Christopher Caldwell does his best to spin for Ryan:
Mr Ryan even has a gift for beating up on his own party. “Politicians from both parties have made empty promises,” he said in his introductory speech on Saturday, “which will soon become broken promises, with painful consequences if we fail to act now.” He lambasts “corporate welfare” as often as he does welfare. Americans like this anti-partisan tone.
Could these statements be more generic? Vaguely blaming members of both parties for “empty promises” is an old stand-by, not a serious criticism. This isn’t even as specific as the usual Republican lament that they indulged in “wasteful spending” in the past. If he attacks “corporate welfare” now, it’s hard to forget that he repeatedly voted for some very large and costly “corporate welfare” bills in the last decade. In addition to adding trillions to the government’s unfunded liabilities, Medicare Part D was naturally a boon to the pharmaceutical industry. If Ryan opposes “corporate welfare” now, it is something quite new.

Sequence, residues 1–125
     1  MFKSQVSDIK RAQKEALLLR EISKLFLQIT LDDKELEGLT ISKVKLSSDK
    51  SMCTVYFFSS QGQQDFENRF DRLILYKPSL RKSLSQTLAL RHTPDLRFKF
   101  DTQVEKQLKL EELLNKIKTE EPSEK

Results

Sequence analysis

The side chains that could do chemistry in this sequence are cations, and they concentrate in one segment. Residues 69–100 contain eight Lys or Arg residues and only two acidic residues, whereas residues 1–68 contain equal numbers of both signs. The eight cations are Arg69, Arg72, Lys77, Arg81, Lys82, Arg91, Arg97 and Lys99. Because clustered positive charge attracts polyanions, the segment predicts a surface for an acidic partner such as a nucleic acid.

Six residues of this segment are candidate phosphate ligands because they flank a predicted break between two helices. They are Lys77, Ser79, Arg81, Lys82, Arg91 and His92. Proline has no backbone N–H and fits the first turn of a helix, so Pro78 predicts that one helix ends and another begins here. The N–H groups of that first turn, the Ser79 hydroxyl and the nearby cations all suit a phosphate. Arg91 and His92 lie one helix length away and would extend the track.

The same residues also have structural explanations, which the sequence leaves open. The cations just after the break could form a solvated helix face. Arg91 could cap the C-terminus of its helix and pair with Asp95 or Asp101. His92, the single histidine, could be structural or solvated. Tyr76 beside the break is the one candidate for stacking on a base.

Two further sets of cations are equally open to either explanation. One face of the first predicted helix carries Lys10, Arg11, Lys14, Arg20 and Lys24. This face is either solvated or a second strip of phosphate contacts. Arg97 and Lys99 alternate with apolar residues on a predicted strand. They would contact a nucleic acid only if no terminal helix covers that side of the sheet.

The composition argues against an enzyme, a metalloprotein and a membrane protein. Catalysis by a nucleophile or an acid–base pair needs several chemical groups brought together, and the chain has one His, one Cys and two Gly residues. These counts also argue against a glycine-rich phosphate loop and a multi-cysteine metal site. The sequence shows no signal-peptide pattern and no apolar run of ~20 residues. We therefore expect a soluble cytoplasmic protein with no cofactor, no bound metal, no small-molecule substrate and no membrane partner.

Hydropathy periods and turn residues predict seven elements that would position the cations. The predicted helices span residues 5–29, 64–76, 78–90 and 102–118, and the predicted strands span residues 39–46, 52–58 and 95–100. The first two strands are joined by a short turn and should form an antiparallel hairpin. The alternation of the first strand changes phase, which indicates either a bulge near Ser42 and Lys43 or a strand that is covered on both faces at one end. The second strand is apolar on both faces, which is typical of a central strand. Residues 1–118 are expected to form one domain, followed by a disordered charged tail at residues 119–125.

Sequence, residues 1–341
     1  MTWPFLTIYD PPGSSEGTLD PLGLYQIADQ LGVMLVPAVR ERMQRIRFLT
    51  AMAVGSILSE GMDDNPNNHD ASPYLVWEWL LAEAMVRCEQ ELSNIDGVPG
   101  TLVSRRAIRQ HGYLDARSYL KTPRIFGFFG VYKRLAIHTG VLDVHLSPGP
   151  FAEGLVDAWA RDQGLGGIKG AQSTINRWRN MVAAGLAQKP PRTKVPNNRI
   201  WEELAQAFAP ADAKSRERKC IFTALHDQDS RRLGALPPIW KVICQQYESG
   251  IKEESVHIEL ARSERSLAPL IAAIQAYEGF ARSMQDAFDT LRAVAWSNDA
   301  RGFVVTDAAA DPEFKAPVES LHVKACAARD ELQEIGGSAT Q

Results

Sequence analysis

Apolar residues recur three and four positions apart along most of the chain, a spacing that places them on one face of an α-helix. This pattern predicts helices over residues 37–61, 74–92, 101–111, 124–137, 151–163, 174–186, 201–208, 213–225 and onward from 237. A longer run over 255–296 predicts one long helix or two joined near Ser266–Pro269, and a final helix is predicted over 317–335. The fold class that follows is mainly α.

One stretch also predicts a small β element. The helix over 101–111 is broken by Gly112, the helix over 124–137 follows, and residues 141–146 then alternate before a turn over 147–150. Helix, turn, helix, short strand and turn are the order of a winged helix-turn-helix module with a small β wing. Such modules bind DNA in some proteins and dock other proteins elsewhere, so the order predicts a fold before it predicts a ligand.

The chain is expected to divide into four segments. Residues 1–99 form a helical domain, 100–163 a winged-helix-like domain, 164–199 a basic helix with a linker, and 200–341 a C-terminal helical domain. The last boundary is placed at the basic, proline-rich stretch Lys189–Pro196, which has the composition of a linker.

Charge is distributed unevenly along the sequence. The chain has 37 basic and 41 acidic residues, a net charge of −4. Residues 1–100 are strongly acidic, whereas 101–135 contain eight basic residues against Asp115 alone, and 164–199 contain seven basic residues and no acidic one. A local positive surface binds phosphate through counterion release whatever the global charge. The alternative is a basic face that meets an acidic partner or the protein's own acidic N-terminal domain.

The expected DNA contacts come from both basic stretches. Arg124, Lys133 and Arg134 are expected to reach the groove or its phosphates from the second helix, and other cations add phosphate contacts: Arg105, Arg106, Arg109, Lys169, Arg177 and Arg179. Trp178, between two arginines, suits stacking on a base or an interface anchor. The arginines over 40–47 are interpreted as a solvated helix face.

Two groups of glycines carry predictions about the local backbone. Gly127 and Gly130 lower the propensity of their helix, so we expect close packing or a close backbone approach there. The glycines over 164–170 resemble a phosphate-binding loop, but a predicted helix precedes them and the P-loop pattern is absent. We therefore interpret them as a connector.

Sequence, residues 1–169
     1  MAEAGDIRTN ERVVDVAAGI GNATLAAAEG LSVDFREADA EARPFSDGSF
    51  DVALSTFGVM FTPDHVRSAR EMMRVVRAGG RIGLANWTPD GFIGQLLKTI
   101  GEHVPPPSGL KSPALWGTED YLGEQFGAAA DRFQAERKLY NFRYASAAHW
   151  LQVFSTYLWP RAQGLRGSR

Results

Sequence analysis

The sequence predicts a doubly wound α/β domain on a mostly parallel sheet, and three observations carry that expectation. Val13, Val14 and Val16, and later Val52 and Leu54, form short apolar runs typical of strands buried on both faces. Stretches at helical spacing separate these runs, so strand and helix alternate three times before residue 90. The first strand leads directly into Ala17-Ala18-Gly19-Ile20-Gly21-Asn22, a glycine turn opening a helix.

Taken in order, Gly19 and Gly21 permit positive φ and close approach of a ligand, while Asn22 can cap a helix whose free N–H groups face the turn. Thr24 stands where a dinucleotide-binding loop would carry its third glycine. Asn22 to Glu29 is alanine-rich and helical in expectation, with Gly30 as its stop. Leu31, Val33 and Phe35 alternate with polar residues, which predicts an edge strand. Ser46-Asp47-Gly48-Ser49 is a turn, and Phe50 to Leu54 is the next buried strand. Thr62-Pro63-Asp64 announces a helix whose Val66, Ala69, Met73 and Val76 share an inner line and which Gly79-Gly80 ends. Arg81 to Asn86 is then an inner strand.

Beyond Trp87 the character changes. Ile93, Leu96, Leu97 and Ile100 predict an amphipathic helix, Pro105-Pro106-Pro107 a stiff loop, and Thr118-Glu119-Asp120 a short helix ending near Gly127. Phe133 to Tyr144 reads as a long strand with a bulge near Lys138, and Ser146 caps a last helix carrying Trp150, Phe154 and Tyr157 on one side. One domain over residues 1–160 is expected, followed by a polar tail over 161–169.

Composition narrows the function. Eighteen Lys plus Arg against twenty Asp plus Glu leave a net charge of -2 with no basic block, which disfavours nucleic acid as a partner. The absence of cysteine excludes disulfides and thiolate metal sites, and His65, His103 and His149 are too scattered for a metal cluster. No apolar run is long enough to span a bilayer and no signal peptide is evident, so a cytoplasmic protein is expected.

Ryan doesn’t have an “anti-partisan tone.” That’s not necessarily a bad thing, but it isn’t true to say that he has one. He doesn’t beat up on his own party. Then again, neither did Obama. Obama’s “post-partisanship” was always a myth. What I never quite understood was why anyone found that myth appealing. We’re supposed to believe that one of the things that makes Ryan interesting is that he doesn’t make a fetish out of bipartisan comity for its own sake, but apparently we’re also expected to see him as an “anti-partisan” figure standing above the fray at the same time. His record has been one of being a party loyalist. He doesn’t have a record of dissenting from the party line. It’s pointless to pretend that he does.